Special Reports

Sage Career Advice from Ask Edna: Edna Landau

March 4, 2014 | By Edna Landau

How Edna Landau Made the Move Into Artist Management

In her May 2, 2013 MusicalAmerica.com blog, Can you plan to be remarkable?, Edna Landau, of Ask Edna fame, discusses how she got her start in artist management, using her own story to illustrate five key steps in developing a successful career. She writes:

“The year1973 was a major turning point in my career. I was completing my master’s degree in musicology at the City University of New York and also my fifth year of teaching at the High School of Music and Art. I very much enjoyed teaching, but I wanted to bring my professional focus to a job that would bring me closer to performing artists. Could I have then predicted that during the next 40 years I would discover the exciting and rewarding world of artist management and be privileged to become managing director of the world’s biggest international agency? [Landau co-founded IMG Artists.] Absolutely not! However, as I look back, I can see how certain key decisions propelled my success in moving to the next level.

  1. Fight to realize your passion. My first job in artist management was as assistant to the director of Young Concert Artists. YCA wanted a full-time person. I convinced them to let me work part-time so that I could be home a bit more with my one-year-old son.
  2. Learn everything you can wherever you are. I convinced the director, Susan Wadsworth, to let me attend YCA’a annual international auditions and the annual trade conference in New York, even though my job was purely clerical. This taught me about the industry as a whole and ignited my passion for booking concerts and helping artists develop their careers.
  3. When you’re ready for a change, take the plunge andassociate with the best. Since there was no opportunity for me to book concerts at YCA, I joined forces with Charles Hamlen, whom I met at a trade conference. He took me into his six-month-old management firm and with our mutual ideals and much hard work, we began to secure engagements for a roster of relatively unknown artists and to build a favorable reputation for ourselves as Hamlen/Landau Management.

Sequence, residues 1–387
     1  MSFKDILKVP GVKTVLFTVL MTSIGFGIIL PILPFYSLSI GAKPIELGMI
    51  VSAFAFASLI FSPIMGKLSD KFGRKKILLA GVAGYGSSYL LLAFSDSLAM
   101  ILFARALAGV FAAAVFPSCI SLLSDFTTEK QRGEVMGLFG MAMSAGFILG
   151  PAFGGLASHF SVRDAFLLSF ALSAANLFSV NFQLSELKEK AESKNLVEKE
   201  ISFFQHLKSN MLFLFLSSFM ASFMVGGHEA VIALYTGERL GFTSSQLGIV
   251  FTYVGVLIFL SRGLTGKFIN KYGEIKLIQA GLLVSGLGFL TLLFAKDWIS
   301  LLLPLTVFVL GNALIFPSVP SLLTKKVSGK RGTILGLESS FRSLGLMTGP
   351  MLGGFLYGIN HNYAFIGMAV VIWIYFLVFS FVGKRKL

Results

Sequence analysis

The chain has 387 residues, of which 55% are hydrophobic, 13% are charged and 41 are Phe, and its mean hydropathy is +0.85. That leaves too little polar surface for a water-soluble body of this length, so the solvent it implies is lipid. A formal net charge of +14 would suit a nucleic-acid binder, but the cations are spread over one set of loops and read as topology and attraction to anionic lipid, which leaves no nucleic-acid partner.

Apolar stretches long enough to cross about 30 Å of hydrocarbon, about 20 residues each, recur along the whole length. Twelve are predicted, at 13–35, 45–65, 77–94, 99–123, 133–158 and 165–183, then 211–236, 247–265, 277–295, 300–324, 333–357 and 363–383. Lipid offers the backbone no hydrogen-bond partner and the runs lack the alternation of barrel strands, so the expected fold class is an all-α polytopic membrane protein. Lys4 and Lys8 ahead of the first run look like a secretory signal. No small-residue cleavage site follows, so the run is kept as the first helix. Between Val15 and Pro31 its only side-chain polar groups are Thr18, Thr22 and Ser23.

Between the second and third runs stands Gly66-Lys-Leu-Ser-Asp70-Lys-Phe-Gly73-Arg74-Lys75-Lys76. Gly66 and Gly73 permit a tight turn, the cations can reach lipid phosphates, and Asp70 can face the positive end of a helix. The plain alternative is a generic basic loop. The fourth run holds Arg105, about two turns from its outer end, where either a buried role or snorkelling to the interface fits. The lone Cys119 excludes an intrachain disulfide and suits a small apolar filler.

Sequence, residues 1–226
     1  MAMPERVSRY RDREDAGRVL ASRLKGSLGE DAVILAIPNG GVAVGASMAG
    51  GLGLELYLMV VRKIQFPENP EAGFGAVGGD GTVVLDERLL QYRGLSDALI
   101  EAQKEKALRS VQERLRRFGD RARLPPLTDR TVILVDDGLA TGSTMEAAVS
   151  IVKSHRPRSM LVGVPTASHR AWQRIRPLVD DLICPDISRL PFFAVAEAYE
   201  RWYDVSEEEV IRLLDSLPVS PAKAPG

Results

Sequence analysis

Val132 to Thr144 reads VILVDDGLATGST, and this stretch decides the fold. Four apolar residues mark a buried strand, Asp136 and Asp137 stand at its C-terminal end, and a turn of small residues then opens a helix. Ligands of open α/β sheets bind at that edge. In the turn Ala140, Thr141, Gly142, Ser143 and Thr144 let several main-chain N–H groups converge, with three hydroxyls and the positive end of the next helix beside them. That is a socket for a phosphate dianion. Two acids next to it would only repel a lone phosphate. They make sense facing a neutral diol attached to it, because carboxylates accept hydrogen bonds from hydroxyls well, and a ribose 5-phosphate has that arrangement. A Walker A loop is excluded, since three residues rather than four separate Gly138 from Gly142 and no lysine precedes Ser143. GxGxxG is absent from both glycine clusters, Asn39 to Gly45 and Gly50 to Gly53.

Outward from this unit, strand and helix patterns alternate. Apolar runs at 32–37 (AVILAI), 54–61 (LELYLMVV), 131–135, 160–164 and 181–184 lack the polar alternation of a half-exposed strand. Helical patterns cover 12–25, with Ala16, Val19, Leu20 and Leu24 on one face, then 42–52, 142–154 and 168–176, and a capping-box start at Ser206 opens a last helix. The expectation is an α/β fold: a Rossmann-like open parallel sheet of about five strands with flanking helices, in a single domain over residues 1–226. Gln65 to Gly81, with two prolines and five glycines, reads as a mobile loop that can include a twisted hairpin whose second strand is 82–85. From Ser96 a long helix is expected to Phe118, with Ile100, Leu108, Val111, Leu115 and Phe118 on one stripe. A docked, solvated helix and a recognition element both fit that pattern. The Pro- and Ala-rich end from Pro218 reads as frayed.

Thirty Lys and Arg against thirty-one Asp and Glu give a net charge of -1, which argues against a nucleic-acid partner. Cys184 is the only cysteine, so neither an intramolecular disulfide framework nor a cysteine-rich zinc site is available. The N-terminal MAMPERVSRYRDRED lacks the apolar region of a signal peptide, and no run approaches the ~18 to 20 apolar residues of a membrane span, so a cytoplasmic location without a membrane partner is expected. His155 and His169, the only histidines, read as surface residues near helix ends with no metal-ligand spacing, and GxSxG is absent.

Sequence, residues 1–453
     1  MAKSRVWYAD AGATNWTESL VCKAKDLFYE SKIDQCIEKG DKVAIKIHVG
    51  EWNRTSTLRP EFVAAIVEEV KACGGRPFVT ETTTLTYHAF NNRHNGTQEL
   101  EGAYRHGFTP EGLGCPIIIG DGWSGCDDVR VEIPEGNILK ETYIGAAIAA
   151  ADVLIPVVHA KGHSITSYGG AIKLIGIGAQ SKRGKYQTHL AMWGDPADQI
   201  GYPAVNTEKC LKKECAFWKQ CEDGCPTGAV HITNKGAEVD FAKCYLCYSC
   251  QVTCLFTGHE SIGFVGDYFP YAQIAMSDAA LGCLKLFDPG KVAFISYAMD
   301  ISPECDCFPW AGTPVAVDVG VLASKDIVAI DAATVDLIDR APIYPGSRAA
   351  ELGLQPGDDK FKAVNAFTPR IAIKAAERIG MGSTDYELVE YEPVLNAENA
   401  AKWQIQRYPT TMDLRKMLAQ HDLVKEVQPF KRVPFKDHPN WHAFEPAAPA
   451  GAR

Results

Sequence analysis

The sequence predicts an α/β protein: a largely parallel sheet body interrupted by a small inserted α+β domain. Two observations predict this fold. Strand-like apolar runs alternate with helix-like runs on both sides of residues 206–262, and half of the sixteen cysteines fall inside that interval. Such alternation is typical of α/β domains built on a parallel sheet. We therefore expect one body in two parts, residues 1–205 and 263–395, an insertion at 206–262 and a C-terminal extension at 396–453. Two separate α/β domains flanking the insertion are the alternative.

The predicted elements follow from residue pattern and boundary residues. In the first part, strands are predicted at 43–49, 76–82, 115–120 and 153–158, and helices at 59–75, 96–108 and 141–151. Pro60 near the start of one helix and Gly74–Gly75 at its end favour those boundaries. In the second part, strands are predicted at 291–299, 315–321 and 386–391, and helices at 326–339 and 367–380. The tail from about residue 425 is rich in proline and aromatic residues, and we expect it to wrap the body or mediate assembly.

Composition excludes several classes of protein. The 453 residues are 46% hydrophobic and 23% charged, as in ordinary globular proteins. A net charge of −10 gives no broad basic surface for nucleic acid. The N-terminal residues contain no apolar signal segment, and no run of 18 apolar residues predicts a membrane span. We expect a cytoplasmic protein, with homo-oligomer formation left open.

4. Don’t be afraid to ask for help. When you need to capitalize your business or embark on a new project, all you need is to believe completely in your idea, think of everyone you know who might help, and put a compelling and accurate financial proposal together. People want to be part of a growing success story. These realizations kept Hamlen/Landau Management going during some very challenging financial times.
  5. Always keep an open mind. Charles Hamlen and I never really knew why the sports conglomerate IMG, whose clients in those days included Martina Navratilova and Arnold Palmer, would want to acquire a very small artist management firm with substantial debt and an insignificant profit margin. But we never dwelt on that. We saw a chance to pay back all of our investors, grow our business, and to learn from experts in client management (albeit in sports) on an international scale. When Itzhak Perlman became our client in 1986, we knew we had made the right decision.”



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